‘Naturally derived … that’s alright isn’t it …?’ | Great Health Guide
‘Naturally derived … that’s alright isn’t it …?’

‘Naturally derived … that’s alright isn’t it …?’

In a recent blog I touched on the word ‘natural’ discussing how many manufacturers of consumer products loosely use this term. This of course can lead the consumer to believe the product to be somehow superior in health benefits i.e. not based in synthetic chemicals. The term ‘naturally derived’ is becoming more common and we, the consumer need to be wise about what we are actually purchasing. Because of that we will delve a little deeper into the world of ‘naturally derived’ products and what this actually means.


The Scientific American explains ‘naturally derived’ as;


“Synthetic chemicals are made by humans using methods different than those nature uses, and these chemical structures may or may not be found in nature. This definition means a synthetic chemical can be made from a natural product [1]


Interestingly Australian Certified Organic (ACO) Australia’s leading organic certifier notes on their website that the term ‘natural’ is becoming increasingly common as the consumer market seeks safer alternatives for personal care and food products. Because of that many manufacturers seek to fill the need by clever marketing. ACO states that;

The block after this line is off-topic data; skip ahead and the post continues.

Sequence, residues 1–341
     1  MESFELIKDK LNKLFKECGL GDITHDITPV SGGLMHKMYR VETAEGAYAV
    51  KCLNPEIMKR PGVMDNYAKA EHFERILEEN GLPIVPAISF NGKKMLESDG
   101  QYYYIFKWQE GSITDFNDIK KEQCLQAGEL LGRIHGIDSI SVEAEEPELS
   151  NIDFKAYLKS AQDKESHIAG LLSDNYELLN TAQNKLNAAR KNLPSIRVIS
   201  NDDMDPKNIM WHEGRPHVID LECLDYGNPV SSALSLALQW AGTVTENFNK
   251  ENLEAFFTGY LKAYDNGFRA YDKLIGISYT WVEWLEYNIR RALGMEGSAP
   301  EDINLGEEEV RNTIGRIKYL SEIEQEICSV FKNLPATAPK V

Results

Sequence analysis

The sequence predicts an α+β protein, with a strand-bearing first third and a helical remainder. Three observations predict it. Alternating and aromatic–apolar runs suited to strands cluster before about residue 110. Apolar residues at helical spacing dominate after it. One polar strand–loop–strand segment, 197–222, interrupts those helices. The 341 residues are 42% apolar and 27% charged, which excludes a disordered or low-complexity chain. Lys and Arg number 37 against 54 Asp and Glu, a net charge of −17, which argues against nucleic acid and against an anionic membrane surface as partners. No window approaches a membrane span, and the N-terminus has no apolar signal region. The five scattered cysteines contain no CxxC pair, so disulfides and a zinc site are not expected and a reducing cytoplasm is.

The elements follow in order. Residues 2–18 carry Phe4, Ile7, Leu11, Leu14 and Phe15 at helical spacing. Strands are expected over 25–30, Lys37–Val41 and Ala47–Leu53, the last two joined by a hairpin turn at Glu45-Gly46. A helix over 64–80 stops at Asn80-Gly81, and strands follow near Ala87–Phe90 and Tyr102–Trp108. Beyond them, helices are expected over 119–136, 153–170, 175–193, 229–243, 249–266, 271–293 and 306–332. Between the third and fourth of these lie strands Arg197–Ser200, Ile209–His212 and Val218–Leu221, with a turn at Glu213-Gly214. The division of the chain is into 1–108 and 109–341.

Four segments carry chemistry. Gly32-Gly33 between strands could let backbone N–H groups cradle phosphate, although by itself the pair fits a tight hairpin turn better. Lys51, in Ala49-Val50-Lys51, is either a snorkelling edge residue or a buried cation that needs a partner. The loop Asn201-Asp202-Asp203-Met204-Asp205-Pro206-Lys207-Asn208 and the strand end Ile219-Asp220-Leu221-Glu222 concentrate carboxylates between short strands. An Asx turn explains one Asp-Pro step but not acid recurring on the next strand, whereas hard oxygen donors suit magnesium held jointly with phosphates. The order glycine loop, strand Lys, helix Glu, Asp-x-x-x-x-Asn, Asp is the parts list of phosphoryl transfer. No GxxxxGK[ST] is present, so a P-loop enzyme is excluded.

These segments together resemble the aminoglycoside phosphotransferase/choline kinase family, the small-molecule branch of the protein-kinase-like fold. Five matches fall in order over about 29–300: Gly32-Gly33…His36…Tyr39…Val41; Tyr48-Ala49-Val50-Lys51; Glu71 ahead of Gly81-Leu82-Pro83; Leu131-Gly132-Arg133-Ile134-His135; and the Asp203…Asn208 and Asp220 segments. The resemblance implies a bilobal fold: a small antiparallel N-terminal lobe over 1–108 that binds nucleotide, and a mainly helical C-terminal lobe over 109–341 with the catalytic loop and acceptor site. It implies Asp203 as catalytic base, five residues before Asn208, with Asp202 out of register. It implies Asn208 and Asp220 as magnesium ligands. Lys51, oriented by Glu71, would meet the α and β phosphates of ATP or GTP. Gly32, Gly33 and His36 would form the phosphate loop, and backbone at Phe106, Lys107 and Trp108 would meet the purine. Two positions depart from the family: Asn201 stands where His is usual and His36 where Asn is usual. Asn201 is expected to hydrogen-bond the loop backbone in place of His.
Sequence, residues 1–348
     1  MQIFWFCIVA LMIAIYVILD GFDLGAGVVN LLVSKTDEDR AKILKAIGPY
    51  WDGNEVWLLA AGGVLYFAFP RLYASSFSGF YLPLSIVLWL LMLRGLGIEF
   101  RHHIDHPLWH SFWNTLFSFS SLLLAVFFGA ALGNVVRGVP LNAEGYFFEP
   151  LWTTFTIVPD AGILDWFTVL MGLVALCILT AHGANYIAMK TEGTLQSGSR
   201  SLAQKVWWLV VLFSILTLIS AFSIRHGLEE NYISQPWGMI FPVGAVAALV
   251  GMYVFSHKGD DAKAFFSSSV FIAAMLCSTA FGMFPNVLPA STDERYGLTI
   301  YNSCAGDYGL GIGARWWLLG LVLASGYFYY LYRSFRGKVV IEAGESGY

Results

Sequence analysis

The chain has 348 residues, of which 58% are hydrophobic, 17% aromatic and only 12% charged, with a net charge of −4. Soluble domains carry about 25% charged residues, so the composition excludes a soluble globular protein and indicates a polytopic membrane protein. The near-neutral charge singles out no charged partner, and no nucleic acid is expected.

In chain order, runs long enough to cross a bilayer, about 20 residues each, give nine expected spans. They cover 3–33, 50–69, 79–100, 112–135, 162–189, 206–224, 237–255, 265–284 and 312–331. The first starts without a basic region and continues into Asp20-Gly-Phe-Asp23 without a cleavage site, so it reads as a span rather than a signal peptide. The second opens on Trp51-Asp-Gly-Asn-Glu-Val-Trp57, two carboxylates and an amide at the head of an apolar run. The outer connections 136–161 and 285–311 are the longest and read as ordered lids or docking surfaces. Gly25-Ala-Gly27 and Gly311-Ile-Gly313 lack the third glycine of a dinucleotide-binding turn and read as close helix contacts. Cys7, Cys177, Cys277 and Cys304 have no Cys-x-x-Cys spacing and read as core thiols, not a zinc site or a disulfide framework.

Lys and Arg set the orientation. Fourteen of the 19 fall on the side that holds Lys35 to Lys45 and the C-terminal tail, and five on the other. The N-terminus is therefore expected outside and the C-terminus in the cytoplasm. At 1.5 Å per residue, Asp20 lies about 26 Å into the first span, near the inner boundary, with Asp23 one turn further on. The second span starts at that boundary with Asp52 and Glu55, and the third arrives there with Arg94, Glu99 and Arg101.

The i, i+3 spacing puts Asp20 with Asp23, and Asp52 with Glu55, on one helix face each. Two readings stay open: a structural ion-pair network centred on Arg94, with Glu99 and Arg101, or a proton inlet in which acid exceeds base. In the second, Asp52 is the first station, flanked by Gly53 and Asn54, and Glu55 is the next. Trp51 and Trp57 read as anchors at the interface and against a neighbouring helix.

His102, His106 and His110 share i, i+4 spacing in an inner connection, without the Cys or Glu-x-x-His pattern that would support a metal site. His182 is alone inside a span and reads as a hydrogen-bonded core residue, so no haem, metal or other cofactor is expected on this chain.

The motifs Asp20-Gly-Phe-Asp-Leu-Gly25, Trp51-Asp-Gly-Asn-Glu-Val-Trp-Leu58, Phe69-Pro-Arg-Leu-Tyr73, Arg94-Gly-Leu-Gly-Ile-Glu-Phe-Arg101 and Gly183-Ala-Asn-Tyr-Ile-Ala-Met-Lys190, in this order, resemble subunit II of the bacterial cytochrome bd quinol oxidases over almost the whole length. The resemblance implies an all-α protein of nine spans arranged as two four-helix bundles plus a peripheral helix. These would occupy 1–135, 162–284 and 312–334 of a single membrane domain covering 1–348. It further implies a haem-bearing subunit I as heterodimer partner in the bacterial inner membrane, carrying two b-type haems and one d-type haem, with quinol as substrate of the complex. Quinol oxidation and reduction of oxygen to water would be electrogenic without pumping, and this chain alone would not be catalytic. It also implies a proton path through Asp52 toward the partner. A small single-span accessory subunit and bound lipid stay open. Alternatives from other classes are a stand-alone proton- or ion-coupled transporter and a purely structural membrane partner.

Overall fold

“Natural ingredients are not certified by a third party organization like organic raw materials, and due to this the lack of regulation the term natural has been applied to ingredients derived from GMO materials, or to ingredients that although initially derived from natural sources, have lost any ‘naturalness’ after so many synthetic chemical treatments. [2]


Interesting – so many so-called natural ingredients “have lost any ‘naturalness’ after so many synthetic chemical treatments”- their words not mine.


So how can we as consumers have a little more confidence when we see the words ‘naturally derived’? ACO & EcoCert (COSMOS) have raw material databases listing ingredients that are used by raw material suppliers and manufacturers to make personal care and skin care products. These natural ingredients (some of which may not be organic) will have undergone a strict accreditation process to ensure that the ingredients are ‘natural’ in the truest sense. Looking out for the following logos can be a step in the right direction if you are seeking some direction in the ‘naturally derived’ mine-field.


ACO (Australian Certified Organic)



Next week we will be discussing organic certifiers in more detail. It’s all about being informed.


[1] Reeser, Dorea in ‘Scientific American’ http://blogs.scientificamerican.com/guest-blog/2013/04/10/natural-vs-synthetic-chemicals-is-a-gray-matter/ (sourced 31 January 2014)


[2] http://www.aco.net.au/index.php/form-search/natural-cosmetic-ingredients-assessment (sourced 31 January 2014)

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